(setf secs (mod secs 60))))
(seconds secs))
(make-time-slice :hours hours :minutes minutes :seconds seconds)))
FLOOR has a 2 argument version that already gives you the remainder as
second return value so it's a tad compacter to do
; untested but you get the idea
(multiple-value-bind (hours rsecs)
(floor secs 3600)
(multiple-value-bind (minutes rrsecs)
(floor rsecs 60)
(make-time-slice :hours hours :minutes minutes :seconds rrsecs)))
Yes, this is much clearer.
Post by Lieven Marchand
In make-time-slice-pairs you can just do "for i from 0". The first for
will end the iteration. Also you can replace the push/nreverse by
collect.
Noted.
Post by Lieven Marchand
For read-triplet-pairs, the usual caveat about using the lisp reader to
parse user input goes. At the very least, use WITH-STANDARD-IO-SYNTAX
and bind *READ-EVAL*. You wouldn't want someone to put
#.(sys:format-disks) into an input file.
Indeed not.
Post by Lieven Marchand
all-t-p can be done with EVERY.
Okay.
Post by Lieven Marchand
(defun cut-slices (time-slice-pairs)
"Execute *FFMPEG-PROGRAM* to cut intermediate slices out of *SOURCE-FILE* per TIME-SLICE-PAIRS."
(loop with slice-cut-results = ()
with slice-cut-p = nil
for time-slice-pair in time-slice-pairs
do
(setf slice-cut-p (cut-slice time-slice-pair))
(push slice-cut-p slice-cut-results)
finally (return (all-t-p slice-cut-results))))
I like LOOP too but this can be done as a one liner
(every #'identity (mapcar #'cut-slice time-slice-pairs))
Oh dear. It seems I have come be enamored of LOOP without understanding
it better.
Post by Lieven Marchand
In general, look at the accumulation clauses of LOOP. A lot of your
(loop with var do <modify var> finally return var) patterns can be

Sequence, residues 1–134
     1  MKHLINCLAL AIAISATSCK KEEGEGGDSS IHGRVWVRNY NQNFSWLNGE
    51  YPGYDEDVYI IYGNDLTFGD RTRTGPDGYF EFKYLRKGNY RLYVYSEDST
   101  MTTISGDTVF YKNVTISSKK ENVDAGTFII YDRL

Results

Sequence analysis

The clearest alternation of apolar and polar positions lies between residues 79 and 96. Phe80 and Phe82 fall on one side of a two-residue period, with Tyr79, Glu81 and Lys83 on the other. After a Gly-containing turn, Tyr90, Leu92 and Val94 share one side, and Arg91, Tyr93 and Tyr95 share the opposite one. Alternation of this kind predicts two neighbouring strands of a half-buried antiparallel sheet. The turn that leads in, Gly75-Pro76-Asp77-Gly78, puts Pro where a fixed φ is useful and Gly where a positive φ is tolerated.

done with them.
Yes. I see that now.
Post by Lieven Marchand
But over all the code looks fine. These are just personal preferences.
I appreciate your looking it over. Thank you very much.

Udyant Wig
--
We make our discoveries through our mistakes: we watch one another's
success: and where there is freedom to experiment there is hope to
improve.
-- Arthur Quiller-Couch
t***@google.com
2020-07-01 15:47:14 UTC
Permalink
Post by Lieven Marchand
For read-triplet-pairs, the usual caveat about using the lisp reader to
parse user input goes. At the very least, use WITH-STANDARD-IO-SYNTAX
and bind *READ-EVAL*. You wouldn't want someone to put
#.(sys:format-disks) into an input file.
all-t-p can be done with EVERY.
(defun cut-slices (time-slice-pairs)
"Execute *FFMPEG-PROGRAM* to cut intermediate slices out of *SOURCE-FILE* per TIME-SLICE-PAIRS."
(loop with slice-cut-results = ()
with slice-cut-p = nil
for time-slice-pair in time-slice-pairs
do
(setf slice-cut-p (cut-slice time-slice-pair))
(push slice-cut-p slice-cut-results)
finally (return (all-t-p slice-cut-results))))
The loop can be simplified a bit to:

(loop for time-slice-pair in time-slice-pairs
collect (cut-slice time_slice-pair) into slice-cut-results
finally (return (all-t-p slice-cut-results)))

And one might also consider the following return if you want the results as well as just the boolean test applied to the results.
(return (values (all-t-p slice-cut-results) slice-cut-results))
Post by Lieven Marchand
I like LOOP too but this can be done as a one liner
(every #'identity (mapcar #'cut-slice time-slice-pairs))
Although a big LOOP fan, I do like the simplicity of this formulation.
Stefan Monnier
2020-07-01 16:52:55 UTC
Permalink
Post by Lieven Marchand
I like LOOP too but this can be done as a one liner
(every #'identity (mapcar #'cut-slice time-slice-pairs))
Isn't this just (every #'cut-slice time-slice-pairs)?


Stefan
Lieven Marchand
2020-07-01 17:52:46 UTC
Permalink
Post by Stefan Monnier
Post by Lieven Marchand
I like LOOP too but this can be done as a one liner
(every #'identity (mapcar #'cut-slice time-slice-pairs))
Isn't this just (every #'cut-slice time-slice-pairs)?
No. EVERY stops at the first false result. The original loops over the
entire list of slices and then checks whether any failed.
--
Laat hulle almal sterf. Ek is tevrede om die wêreld te sien brand en die vallende
konings te spot. Ek en my aasdier sal loop op die as van die verwoeste aarde.
t***@google.com
2020-07-01 19:50:42 UTC
Permalink
Post by Lieven Marchand
Post by Stefan Monnier
Post by Lieven Marchand
I like LOOP too but this can be done as a one liner